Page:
A politics of Human Rights in this respect is typically a politics that concerns the institutionalization of a universalistic ideology, and before that a becoming ideological of the very principle that disturbs and challenges existing ideologies. Universalistic ideologies are not the only ideologies that can become absolutes, but they certainly are those whose realization involves a possibility of radical intolerance or internal violence. This is not the risk that one should avoid running, because in fact it is inevitable, but it is the risk that has to be known, and that imposes unlimited responsibility upon the bearers, speakers and agents of universalism.

Etienne Balibar, On Universalism

If I had to give a name to the present moment in philosophy, I would call it the time of the heretics – this is the moment in which heresy is elevated into a value, almost a (negative-)universal value, the value of the exception, of that which is not tolerated by any politics which “[embodies] the logical characteristic of ‘truth'”. Can one distinguish the figure of the heretic from that of the renegade? Certainly the renegades like to think of themselves as heretics; but the true heretic is always something more and other than simply a renegade.

Rationalism in the present

The label “rationalism” has already a somewhat anachronistic aura about it, as if it named something that had no proper place in the present. We have been (or, plausibly, “have never been“) rationalists; but who could be such a thing now? Both the rationalism of the past and the rationalism of the future have a phantasmal quality; it doesn’t seem unreasonable to many people to treat them purely as objects of fantasy, and to focus their critique, such as it is, at the level of libidinal investment. What do these strange people want from rationality? How do these wants relate to the usual generators of desire – anxiety about social position, for example? Why the embattled posture, the rhetoric of transcendence?

Answers to these questions are not difficult to produce – in a sense they’re encoded into the questions themselves – and so the desire-named-rationalism can without much effort be rendered transparent and intelligible. What the would-be rationalist really wants – we are immediately sure of it – is to recover a (fantasised-as-) lost position of mastery, no doubt imbricated with the self-image of the colonial slaveowner; they feel threatened by women and queers and people of colour, whose political demands they wish to subordinate to their own privileged sense of what would be “reasonable”; and so on. Inasmuch as all of this registers only at the level of unconscious fantasy, they are (for now) at least one step away from the out-and-out racists and sexists and reactionaries. If only they could be brought to acknowledge the unsavory unconscious content of all their high-minded talk, they might yet be saved.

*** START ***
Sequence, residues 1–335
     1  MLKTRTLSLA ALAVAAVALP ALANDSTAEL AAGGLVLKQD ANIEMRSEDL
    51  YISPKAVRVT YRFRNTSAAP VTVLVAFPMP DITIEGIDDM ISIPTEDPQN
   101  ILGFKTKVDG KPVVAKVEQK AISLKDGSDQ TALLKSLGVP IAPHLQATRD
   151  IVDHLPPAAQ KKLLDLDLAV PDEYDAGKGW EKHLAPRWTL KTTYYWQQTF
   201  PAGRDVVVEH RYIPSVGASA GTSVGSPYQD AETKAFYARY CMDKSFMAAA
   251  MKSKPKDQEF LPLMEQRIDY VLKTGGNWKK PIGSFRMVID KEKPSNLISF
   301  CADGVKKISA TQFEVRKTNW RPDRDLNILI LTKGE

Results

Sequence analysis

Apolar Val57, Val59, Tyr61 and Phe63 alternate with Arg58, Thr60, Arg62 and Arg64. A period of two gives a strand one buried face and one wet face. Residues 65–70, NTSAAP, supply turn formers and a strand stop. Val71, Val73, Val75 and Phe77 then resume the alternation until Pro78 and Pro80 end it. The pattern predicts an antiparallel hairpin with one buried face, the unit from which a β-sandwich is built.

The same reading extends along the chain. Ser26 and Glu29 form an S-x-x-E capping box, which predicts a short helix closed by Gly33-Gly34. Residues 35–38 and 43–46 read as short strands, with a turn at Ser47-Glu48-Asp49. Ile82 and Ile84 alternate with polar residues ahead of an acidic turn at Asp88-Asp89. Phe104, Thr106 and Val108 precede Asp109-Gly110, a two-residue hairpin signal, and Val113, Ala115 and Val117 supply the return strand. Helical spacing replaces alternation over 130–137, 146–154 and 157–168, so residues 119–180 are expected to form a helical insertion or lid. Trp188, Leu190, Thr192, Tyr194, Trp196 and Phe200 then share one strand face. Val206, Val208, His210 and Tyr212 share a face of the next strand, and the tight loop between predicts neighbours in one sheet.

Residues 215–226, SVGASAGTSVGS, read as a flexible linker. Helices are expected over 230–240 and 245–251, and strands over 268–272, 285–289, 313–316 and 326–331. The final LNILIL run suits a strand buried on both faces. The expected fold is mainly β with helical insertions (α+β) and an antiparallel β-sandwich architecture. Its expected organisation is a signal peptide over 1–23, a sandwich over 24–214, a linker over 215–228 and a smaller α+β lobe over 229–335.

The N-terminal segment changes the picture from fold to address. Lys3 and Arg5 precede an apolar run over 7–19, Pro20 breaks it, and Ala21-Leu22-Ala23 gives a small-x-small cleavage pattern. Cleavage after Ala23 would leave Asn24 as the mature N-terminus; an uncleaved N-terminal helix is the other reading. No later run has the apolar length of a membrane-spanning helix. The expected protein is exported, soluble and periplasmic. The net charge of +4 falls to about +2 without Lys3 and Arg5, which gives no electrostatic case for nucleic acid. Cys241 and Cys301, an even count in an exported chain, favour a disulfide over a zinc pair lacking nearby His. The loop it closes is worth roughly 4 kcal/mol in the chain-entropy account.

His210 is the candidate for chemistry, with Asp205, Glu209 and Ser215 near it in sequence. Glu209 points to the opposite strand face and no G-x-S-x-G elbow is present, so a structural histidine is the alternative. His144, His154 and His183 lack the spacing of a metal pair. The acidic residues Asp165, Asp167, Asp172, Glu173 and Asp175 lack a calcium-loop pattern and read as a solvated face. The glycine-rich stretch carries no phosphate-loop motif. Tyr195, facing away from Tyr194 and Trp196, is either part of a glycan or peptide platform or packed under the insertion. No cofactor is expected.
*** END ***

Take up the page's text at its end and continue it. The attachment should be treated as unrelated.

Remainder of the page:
Now, this hermeneutic has its own self-sufficient logic: it supplies to itself guarantees of its own correctness. It does not have to reckon with rationalism as a concrete position, taken in the here-and-now, because its founding gesture is one of incredulity that such a position could be held in earnest, that it might have any ramifications beyond the fugitive gratification it offers to a handful of hapless nerds. You cannot be serious. It will not, for example, distinguish between the doing of mathematics, an activity which has real ramifications inasmuch as one thing really does lead to another, and the performance of mathiness, the brandishing of the matheme as a totem of sophistication (or abstract fedora). In short, the source of its power (as a derailer of argument) lies in its capacity for inattention: since I already “know” that the object of your attention is a fantasy with no real purchase on the present, I am authorised to focus my attention on your attention, rather than upon the thing attended-to.

It’s in the specific polemical context in which proponents of rationalism encounter this hermeneutic – and while that is often a very narrow and specialised context indeed, it is nevertheless legitimately of concern to us – that we find ourselves both at bay, and empowered by concrete demonstrations of the viability of rationalism in the present. The terrain under dispute is not, or not immediately, that of the concrete conditions of everyday life. What we’re trying to do, ultimately, is strengthen the hand of a certain kind of argument, in the hope of bringing closer some of the goods that this kind of argument is – we believe – uniquely able to envisage. It’s all pretty meta. But we do think it’s important – or we wouldn’t bother – and I for one do find it galling when people whose reaction to the accelerationist manifesto was to describe its program as inextricably colonialist, then describe the accelerationists’ sense of being put somewhat on the back foot as histrionic.